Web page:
Now, if the above oxygen (O2) sensor test confirms that they are OK, the next thing is to check the engine for vacuum leaks... since vacuum leaks are usually the biggest causes of the P0171 and/or P0174 diagnostic trouble code(s).
Suggested Test 1: With the engine cold, visually and physically check all vacuum hoses. The most common vacuum leak problem is the PCV tube's elbow, where it connects to either the PCV valve or the intake manifold.
Suggested Test 2: Checking the intake manifold and plenum gaskets for leaks with carburetor spray.
For safety's sake, this type of test has to be begun with the engine completely cold. Once you've started the engine, you'll need to spray around the intake manifold's gaskets, plenum gasket, and around the Spider's fuel injector's connector to check for leaks. If the carb spray hits a spot that's leaking, you'll immediately hear a difference in the engine RPMs.
What will happen is that the RPMs will increase or decrease and this will pinpoint the source of the vacuum leak (before undertaking this test, see: Checking for Vacuum Leaks with carb Spray).
Not only will the RPMs increase or decrease, but if the engine is warmed up enough, if you look at the O2S11 and O2S21 voltage numbers on your scan tool, they will max out a .8 to 1 Volts every time the leaking spot on the intake gasket sucks in the carburetor spray (remember, you can't let the engine get hot and continue to spray the intake manifold to cylinder head areas with carb spray).
If after visually and physically checking for vacuum leaks and none are found, the next step is to check fuel Pressure.
A fuel Pump usually ‘kicks the bucket’ from one moment to the next and without any warning... but every now and then, you'll have it die a very slow death. When this happens, it doesn't send enough fuel to the fuel injectors to keep the Fuel Injection Computer happy.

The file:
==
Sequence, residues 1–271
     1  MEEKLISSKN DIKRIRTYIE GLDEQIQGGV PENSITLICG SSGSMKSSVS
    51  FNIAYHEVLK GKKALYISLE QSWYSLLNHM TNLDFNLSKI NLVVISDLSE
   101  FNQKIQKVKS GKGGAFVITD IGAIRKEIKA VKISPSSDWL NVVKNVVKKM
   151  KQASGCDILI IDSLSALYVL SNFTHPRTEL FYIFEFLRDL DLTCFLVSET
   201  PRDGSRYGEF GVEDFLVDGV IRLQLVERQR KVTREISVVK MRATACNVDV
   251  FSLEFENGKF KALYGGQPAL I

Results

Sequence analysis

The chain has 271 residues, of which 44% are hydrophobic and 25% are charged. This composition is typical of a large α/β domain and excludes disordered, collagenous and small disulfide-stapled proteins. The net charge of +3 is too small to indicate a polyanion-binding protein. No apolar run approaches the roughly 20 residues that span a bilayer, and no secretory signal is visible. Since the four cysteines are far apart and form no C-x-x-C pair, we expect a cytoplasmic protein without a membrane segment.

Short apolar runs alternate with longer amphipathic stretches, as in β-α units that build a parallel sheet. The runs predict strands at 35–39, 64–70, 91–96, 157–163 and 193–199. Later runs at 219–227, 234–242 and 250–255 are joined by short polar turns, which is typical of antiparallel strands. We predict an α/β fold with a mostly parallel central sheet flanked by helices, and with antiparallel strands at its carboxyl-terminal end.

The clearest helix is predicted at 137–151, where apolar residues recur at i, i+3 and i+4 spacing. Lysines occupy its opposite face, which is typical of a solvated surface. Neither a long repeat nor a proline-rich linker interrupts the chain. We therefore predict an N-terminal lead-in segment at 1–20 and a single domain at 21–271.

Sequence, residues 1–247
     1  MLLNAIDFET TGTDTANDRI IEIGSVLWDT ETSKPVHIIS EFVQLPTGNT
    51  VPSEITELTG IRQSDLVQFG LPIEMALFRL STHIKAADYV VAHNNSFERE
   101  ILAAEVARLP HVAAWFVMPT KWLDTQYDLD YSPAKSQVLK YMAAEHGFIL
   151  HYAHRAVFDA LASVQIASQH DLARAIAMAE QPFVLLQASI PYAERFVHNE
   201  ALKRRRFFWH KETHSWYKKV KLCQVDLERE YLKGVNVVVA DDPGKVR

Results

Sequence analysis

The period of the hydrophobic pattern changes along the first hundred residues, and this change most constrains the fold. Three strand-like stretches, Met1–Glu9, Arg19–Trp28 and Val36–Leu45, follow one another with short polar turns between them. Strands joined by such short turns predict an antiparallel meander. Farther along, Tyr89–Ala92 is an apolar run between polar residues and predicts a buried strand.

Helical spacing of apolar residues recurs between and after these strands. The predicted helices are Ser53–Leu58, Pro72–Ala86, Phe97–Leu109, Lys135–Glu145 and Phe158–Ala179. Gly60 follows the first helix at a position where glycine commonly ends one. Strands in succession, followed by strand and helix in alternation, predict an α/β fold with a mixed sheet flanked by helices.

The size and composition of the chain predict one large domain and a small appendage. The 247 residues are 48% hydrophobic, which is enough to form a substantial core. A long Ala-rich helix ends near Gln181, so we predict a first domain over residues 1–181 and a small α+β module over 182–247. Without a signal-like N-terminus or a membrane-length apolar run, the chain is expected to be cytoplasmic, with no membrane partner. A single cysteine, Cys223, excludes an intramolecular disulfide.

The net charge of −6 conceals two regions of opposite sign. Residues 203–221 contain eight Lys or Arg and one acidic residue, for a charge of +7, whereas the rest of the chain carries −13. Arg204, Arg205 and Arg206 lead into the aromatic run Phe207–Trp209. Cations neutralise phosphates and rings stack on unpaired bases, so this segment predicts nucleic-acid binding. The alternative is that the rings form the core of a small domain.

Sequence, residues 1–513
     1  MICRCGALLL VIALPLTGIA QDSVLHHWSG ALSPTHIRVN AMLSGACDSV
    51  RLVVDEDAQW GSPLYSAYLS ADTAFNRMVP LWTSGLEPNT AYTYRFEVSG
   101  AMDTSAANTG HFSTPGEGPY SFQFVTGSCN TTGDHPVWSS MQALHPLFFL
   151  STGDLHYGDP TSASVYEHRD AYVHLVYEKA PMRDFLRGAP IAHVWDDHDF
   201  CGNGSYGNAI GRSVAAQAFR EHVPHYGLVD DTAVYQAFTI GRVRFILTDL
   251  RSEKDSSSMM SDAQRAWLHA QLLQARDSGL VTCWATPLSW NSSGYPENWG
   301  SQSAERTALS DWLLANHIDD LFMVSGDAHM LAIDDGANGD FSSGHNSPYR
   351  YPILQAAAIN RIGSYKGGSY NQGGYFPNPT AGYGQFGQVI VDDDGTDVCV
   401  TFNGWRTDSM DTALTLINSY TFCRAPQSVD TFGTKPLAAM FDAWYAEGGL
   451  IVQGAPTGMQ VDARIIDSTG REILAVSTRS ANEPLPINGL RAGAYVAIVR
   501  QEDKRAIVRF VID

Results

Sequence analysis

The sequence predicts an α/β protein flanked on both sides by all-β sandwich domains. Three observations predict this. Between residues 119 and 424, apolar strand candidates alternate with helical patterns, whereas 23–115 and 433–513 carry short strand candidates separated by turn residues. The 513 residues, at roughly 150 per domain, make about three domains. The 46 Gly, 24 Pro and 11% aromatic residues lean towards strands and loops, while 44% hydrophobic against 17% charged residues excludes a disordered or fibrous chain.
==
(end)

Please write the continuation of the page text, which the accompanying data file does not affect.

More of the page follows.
When this happens, the PCM (Powertrain Control Module = Fuel Injection Computer) will think there's a major vacuum leak and this will set the DTC's P0171 and P0174.
The other very big giveaway, that the fuel pump is going out (on the 4.3L, 5.0L, and 5.7L Vortec engines) is that you've got to use Starting fluid to start the engine. Once it starts, it stays running.
The only way to test this is by doing a fuel pressure test with a fuel pressure gauge and then compare the values to the repair manual's specifications.
Spraying the intake manifold gasket with carb spray is one of the most effective ways to find a vacuum leak, but it does have its risks. To minimize any possible risk of a back-fire and/or fire... this test should only be done when you have made sure the PCV tube's rubber elbow (at the intake manifold or at the PCV valve itself) is not torn or that it does not have dry-rot. Also, the engine should not be at its normal operating temperature.
CAUSE 1: PCV Tube's rubber elbow (where it connects to the intake manifold) is torn open and causing a major vacuum leak.
CAUSE 2: Intake manifold gaskets or plenum gaskets are leaking vacuum. GM, in all its infinite wisdom, uses plastic and rubber gaskets for the intake manifold and plenum gaskets.
CAUSE 3: Fuel pump that's going BAD, but hasn't completely fried yet.
CAUSE 4: A dirty (contaminated) MAF sensor.
CAUSE 5: An exhaust leak right before the pre-catalytic converter oxygen sensors. This is usually caused by BAD Exhaust Flange gaskets.
CAUSE 6: BAD pre-catalytic converter oxygen sensor.
So, you have done all of the tests... you have researched the codes to death (online and in repair manuals) and nothing you have done or replaced has solved the problem!
Trying to solve P0171 and P0174 DTC's can convert your GM pickup (van or SUV) into a money pit. To avoid this... you need to remember one very important thing:
Be Patient: Whatever part, whether it's an intake manifold gasket or an O2 sensor, is causing the codes... hasn't completely fried yet. This happens.
Parts don't always fail in an immediate fashion. So, the gaskets or vacuum hoses or the sensor could seal/work/function/ correctly most of the time, and every now and then they stop doing their jobs. This happens a lot! What can you do about it? Not much but wait till the problem is present all of the time.
Patience is a virtue. If you have checked for vacuum leaks and you have none and you have verified that the Fuel Trims are OK (which means the O2 sensors are OK too)... then the best thing to do is to wait a few days and retest again. Whatever is failing... will continue to fail until eventually the problem will be present to verify it with the tests described in this article.
The important thing to remember, is that you can use your scan tool to check the Fuel Trim Values with your scan tool to verify the Lean Condition (that is setting the P0171 and/or P0174 codes) is actually present.
“A common mistake that people make when trying to design something completely foolproof is to underestimate the ingenuity of complete fools.”